Mark Letestu said he feels completely normal, and thankful, after the Winnipeg Jets center was diagnosed at an early stage with myocarditis, an inflammation of the heart muscle that will keep him out at least six months.
"I feel great," the 34-year-old said Friday. "I don't feel like there's anything wrong at all."
Myocarditis, usually caused by a viral infection, can affect the heart muscle, reducing its ability to pump and causing rapid or abnormal heart rhythms, according to the Mayo Clinic.
The suspected diagnosis shut Letestu down after he played the first seven games of the season for the Jets. He was then sent to the Mayo Clinic in Minnesota for further tests and confirmation.
"You're absolutely at risk for a cardiac episode on the ice," Letestu said. "I'm sure somewhere a doctor is rolling his eyes at some of my descriptions, but there's always risk, depending on how bad the inflammation is affecting your heart. If it just can't pump, you're certainly at risk for something catastrophic to happen.
"Even through training camp, I had felt normal. If you're tired the next day, you'd have thought it was just because of training camp. Now I know the heart might not have been pumping the way it should have been, you can attribute it to this now in hindsight, but I felt normal. There was nothing like coming back to the bench tight-chested or winded in any abnormal way. I think I'm just lucky that the doctors and the staff cared enough to look over those tests to find something."
Myocarditis was not the first thing Winnipeg's medical staff thought of during training camp physicals and tests, but something was off with Letestu's routine electrocardiogram and a follow-up echocardiogram.
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"Might have been machine error," Letestu said. "Results were kind of off, but nothing certain, so the next step was getting an MRI on my heart. And all the while I was still playing, because nobody was certain enough that something was wrong enough to shut you down."
The MRI showed signs of myocarditis and to be certain, the Mayo Clinic conducted another MRI and a PET (positron emission tomography) scan, confirming the condition.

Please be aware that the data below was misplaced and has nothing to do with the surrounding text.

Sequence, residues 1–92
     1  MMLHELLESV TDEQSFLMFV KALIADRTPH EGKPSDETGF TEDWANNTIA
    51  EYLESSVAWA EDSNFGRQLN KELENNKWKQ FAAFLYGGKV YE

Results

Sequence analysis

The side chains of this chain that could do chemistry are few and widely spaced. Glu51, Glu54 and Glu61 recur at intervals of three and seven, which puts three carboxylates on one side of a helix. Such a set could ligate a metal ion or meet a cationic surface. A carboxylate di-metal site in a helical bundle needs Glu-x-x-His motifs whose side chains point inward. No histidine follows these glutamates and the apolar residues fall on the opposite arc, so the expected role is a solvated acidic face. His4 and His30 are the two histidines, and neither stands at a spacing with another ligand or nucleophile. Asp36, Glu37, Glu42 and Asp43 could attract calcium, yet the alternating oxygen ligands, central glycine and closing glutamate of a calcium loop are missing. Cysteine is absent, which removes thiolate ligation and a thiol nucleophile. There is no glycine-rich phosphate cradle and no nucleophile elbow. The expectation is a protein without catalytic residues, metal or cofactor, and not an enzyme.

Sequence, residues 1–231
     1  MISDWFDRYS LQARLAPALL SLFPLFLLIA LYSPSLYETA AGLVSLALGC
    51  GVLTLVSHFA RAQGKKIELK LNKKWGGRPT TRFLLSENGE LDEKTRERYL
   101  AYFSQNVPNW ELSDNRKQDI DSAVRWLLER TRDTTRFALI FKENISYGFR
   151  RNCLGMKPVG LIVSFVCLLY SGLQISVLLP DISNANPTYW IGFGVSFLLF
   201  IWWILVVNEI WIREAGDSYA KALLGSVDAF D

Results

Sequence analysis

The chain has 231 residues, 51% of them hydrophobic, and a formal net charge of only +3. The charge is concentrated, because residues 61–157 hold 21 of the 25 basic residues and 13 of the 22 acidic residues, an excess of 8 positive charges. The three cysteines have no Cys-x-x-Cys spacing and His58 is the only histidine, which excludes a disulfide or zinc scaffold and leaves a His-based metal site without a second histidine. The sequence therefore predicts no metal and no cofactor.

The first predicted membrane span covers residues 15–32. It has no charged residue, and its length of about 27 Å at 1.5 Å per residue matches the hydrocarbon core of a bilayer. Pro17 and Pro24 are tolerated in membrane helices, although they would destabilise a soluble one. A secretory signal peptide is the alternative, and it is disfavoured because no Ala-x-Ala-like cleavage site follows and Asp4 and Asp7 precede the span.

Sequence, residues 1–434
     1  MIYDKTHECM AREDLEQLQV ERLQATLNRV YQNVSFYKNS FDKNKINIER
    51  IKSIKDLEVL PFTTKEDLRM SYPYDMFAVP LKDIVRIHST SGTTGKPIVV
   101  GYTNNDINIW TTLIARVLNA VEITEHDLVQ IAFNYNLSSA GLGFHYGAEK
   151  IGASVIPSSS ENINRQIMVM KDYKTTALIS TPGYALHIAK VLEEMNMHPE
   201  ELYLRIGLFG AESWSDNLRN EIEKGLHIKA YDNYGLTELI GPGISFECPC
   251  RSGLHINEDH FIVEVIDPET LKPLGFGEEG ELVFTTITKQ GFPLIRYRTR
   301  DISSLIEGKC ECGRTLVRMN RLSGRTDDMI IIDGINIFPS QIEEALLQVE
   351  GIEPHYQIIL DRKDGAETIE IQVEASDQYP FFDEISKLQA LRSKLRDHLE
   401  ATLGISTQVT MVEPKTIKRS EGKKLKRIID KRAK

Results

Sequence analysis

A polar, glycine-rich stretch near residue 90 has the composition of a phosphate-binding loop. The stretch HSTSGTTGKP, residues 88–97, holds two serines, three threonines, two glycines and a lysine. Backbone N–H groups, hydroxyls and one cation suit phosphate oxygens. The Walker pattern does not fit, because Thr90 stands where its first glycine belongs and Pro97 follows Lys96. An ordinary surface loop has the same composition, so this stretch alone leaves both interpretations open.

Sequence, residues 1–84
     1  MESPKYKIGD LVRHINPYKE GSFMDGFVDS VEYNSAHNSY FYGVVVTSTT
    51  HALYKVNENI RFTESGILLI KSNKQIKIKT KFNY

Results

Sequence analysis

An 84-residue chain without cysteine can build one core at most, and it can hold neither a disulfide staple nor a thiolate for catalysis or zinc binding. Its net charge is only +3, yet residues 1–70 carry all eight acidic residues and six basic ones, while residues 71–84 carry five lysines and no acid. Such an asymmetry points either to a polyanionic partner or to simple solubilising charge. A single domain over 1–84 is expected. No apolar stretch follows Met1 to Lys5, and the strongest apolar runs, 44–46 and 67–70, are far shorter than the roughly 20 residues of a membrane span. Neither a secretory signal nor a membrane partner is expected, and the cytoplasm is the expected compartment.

Between Letestu's MRI exams, at the end of September and last weekend at Mayo Clinic, doctors have already detected some improvement in his heart, he said. Medication won't be needed at this point, but the process back to a normal heart and being cleared for full activity is six months.
Letestu said he will be allowed to work out lightly and live a mostly normal life while he's away from the ice.
"That would drive me a bit crazy to have to kick my feet up and do nothing," he said. "I'm allowed to work out not under supervision, but if I can't complete a sentence, then I'm going too hard. My guideline is that I have to work out at a conversational level and be mindful of the tax I'm putting on myself. In the meantime, I've been able to come home and spend some time with my family."
His wife, Brett, and their children Caleb, 8, Dylan 6, and daughter Blake, 4, will have some unexpected bonus time with him this season.
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Letestu said that's been welcome and he's already talking optimistically that at some point in the first half of 2020, he'll be able to resume playing.
"Finding out there's not going to be any long-term, lingering effects, or at least the doctors think that I've progressed at this point, it's pretty likely that at the end of six months, the inflammation will be gone and I'll be able to be cleared to get back at it," he said. "The fact that there won't be any lingering effects and I won't have to be worried about chasing my kids up the stairs makes me pretty happy about what's gone on."
Letestu signed a one-year, $700,000 contract with the Jets on July 2. He has 210 points (93 goals, 117 assists) in 567 NHL games in 11 seasons with the Pittsburgh Penguins, Columbus Blue Jackets, Edmonton Oilers and Jets. Letestu played two NHL games for Columbus last season; he had 50 points (21 goals, 29 assists) in 64 games for Cleveland of the American Hockey League.
He said there is some disappointment lingering that, having taken full advantage of his fresh start with the Jets, who were looking for a veteran center for their fourth line, another obstacle is in his way.
"I think I'm still processing that part," Letestu said. "It's disappointing, especially where I am on my career arc. You spend all of last year in the minor leagues and then have a pretty good camp and make the team and I was trying to re-establish something. Then they tell you [that] you can't play anymore because of something not in my control at all.
"But I've always been a guy with good perspective and big picture; it's just what I do. It's hockey. I think if something like that affected who I was, like being a dad to my kids, that's when it would be really disappointing. I've been pretty fortunate to have had a pretty good career to this point and I'm hopeful to continue it afterwards, but if that doesn't happen, that's kind of how it was meant to be."